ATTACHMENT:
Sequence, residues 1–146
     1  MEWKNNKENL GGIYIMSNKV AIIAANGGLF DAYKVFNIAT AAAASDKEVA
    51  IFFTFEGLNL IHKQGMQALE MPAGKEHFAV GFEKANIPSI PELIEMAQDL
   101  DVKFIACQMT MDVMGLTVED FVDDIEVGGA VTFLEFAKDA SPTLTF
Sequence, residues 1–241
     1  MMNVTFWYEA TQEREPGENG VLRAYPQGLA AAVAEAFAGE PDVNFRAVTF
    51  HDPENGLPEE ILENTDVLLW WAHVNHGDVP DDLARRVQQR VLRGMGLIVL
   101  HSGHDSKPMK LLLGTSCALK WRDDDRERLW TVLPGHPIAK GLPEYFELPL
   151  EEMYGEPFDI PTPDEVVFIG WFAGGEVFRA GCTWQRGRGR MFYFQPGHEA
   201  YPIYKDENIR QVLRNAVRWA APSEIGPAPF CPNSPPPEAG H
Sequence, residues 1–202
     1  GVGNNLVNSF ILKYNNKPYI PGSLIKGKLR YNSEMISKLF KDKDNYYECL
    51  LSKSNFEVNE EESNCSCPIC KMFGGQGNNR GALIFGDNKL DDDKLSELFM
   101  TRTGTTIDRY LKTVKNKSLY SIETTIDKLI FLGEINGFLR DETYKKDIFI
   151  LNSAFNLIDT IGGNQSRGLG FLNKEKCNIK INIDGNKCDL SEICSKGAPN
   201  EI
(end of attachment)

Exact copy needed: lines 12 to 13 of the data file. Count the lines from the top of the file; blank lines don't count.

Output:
     1  GVGNNLVNSF ILKYNNKPYI PGSLIKGKLR YNSEMISKLF KDKDNYYECL
    51  LSKSNFEVNE EESNCSCPIC KMFGGQGNNR GALIFGDNKL DDDKLSELFM